Atrocity Exhibition

Things happen out in the world, and someone, somewhere, then tweets a bit of Thucydides. (I’m aware that my perspective on this is skewed, because I actively monitor it, but it does happen). Over the last week, two different events have prompted such a response. The murders at Stoneman Douglas High School in Parkland, Florida, brought this thoughtful post from the ever-interesting Sententiae Antiquae, quoting 7.29-30 on the massacre of schoolboys in Mycalessus by a gang of Thracian merceneries who’d been let go by the Athenians. As SA notes, when we think about this passage in relation to school shootings in the US, it is the differences between the situations that seem most productive and disturbing. Continue Reading »

The physicist Werner Heisenberg opens Der Teil und das Ganze (1969; published in English as Physics and Beyond in 1971), his personal account of the development of atomic physics in the first half of the twentieth century, with a citation from Thucydides; 1.22.1, to be precise Continue Reading »


If ever there was a figure to be taken seriously but not literally, it’s Oswald Spengler. The catty remark of A.L. Rowse, that “because the Germans were defeated, Western civilisation is to be regarded as coming to an end”, is unfair but not completely untrue. There’s a lot more to Spengler’s ideas than that characterisation (not least because much of his framework of thought predated WWI), but they are pervaded with the masochistic joys of apocalyptic expectation, and a sense of superiority over everyone else who hasn’t yet realised that they’re living in decadent and pathetic times. Spengler represents a fascinating offshoot of C19 critiques of modernity, throwing biological analogies and the second law of thermodynamics into the mix as explanations and justifications of feelings of Weltschmerz and cultural malaise. Continue Reading »

Should Know Better

One of my main aims, in monitoring references to Thucydides on the Twitter, is to keep a sense of proportion. Partly this is about relative scale: fifteen fake quotations in a day is a lot, relative to normal traffic in this area – but given that over 6,000 tweets get fired off every second, it’s thoroughly negligible in the greater scheme of things. Similarly, it’s about remembering that my view of this is very odd; for me, a tweet may be the sixth tedious repetition of the misattributed ‘Scholars and Warriors’ quote that afternoon, but for the person tweeting it this is generally the first time they’ve done it, having found a really neat quote that sums up the point they want to make perfectly. Even with that annoying Social Jukebox system I aim to stay civil unless it’s from a user whom I’ve attempted to correct many times and so I know they won’t pay any attention anyway, and if there’s the faintest possibility that I’m dealing with a real person tweeting in good faith, I do my best to interact in the spirit of truth, not snark. Continue Reading »

Who Dares Quotes

Increasingly, the most interesting aspect of investigating fake or dubious Thucydides quotes on the internet is not establishing their fakeness (Morley’s Law: the majority of quotations attributed to Thucydides on the internet fall into one of three categories: not quite what he said, not really what he meant, or not actually Thucydides at all) but exploring the processes by which anyone came to believe in them in the first place, and what this tells us about the cultural image of Thucydides. Continue Reading »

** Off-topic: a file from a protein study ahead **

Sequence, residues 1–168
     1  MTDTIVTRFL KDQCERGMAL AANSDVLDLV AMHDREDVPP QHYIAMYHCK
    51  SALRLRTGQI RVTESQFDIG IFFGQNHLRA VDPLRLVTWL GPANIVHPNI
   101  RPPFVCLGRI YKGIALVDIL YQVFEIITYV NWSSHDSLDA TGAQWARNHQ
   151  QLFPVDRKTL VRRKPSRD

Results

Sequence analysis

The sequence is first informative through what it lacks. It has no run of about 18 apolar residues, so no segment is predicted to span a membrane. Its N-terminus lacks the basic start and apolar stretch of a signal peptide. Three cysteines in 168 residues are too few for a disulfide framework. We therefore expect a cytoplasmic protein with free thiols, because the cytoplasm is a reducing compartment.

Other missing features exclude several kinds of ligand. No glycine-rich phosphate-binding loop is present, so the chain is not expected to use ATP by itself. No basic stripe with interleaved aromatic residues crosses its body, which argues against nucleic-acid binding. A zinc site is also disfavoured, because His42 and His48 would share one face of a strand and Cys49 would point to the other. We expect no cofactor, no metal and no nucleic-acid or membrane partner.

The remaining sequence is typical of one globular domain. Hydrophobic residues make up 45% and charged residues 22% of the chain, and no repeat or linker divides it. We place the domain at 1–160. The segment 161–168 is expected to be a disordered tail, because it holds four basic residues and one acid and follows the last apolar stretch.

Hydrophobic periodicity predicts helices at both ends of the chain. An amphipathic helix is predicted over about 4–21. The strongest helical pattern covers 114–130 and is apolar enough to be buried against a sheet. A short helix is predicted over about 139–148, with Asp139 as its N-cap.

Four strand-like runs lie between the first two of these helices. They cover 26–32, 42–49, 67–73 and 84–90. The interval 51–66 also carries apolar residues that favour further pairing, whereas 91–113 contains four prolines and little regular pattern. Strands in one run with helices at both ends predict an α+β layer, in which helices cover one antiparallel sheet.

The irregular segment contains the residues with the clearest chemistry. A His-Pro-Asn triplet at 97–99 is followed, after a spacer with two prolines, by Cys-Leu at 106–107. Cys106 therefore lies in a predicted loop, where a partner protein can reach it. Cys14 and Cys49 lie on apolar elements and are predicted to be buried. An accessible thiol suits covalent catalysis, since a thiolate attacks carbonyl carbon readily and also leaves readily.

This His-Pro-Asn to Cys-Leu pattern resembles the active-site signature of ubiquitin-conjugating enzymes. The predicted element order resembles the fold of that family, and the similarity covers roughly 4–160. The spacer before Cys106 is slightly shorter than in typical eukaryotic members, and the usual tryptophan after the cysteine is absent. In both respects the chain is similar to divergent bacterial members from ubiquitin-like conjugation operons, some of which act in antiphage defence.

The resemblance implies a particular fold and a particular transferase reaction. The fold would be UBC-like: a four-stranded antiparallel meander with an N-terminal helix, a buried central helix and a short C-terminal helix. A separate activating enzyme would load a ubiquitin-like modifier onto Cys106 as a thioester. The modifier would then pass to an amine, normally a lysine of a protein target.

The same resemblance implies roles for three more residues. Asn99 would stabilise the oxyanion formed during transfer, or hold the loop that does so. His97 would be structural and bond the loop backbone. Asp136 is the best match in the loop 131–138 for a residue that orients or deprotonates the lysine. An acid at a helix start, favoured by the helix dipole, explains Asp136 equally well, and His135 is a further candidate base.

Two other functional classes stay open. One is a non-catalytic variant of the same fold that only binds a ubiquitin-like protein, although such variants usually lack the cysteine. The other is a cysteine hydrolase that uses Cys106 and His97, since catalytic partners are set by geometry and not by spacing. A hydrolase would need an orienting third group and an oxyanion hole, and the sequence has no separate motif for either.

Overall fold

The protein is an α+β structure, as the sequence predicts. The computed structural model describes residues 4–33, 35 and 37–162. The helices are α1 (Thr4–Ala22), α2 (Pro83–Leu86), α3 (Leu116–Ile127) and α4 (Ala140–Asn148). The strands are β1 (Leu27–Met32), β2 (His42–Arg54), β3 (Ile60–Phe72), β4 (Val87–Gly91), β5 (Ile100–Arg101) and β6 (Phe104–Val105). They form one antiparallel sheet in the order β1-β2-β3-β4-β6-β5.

There’s a very peculiar article in today’s Observer, picking up on the predictably gormless comments earlier this week from Robert Halfon, chair of the Commons Select Committee on Education, about medieval history being fine for those who want to pay for such a luxury but undeserving of public support. To be precise, most of the article is great, as it’s based around eminently sensible comments from medieval historians like Miri Rubin and John Arnold, but the opening paragraphs are really odd.

Historians have been ridiculed since Herodotus, the “father of history”, was mocked by his Athenian contemporary, Thucydides, as a mere storyteller. So it was with some weariness that medieval historians took to their keyboards last week to respond to the latest slur against their discipline.

Robert Halfon, who chairs the Commons select committee on education, is no Thucydides, but he echoed complaints down the ages when he singled out medieval historians as undeserving of public funding.

Okay… Continue Reading »

Siezen Perdu

The ending of Ulrich Ritzel’s most recent novel, Nadjas Katze, is quietly lovely. I’m planning to blog on the book more extensively in the near future, so won’t go into the full details of the plot here; the key point is that Berndorf, the detective, has uncovered the possibility that Nadja his client may actually be his half-sister (this depends less on utterly improbable coincidence than it might at first appear). He’s back home in Berlin; the phone rings, and it’s Nadja, whom he last saw storming off in fury. “Well,” she says – or something like that; the book is also in Berlin, and I’m not. “I guess you’ve heard that the test results are in.”

Leaving us hanging? Not in German Continue Reading »